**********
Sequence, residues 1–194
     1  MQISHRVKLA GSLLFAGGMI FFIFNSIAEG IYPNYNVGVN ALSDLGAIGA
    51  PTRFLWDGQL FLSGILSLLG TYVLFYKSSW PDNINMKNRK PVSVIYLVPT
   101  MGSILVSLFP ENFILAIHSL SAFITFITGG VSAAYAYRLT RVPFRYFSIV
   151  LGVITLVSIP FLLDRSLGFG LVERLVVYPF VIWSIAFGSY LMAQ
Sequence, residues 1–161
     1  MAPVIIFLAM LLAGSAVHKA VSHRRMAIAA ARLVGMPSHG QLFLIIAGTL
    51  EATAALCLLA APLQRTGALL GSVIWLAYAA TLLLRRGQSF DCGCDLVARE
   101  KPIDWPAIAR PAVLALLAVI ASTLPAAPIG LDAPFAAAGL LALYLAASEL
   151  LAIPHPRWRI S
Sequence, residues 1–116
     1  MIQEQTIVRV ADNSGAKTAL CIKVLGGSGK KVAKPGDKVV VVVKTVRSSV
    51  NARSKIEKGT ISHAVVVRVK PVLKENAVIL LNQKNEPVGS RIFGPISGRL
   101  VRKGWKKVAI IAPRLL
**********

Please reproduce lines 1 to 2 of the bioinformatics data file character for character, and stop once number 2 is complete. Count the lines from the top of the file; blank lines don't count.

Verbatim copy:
Sequence, residues 1–194
     1  MQISHRVKLA GSLLFAGGMI FFIFNSIAEG IYPNYNVGVN ALSDLGAIGA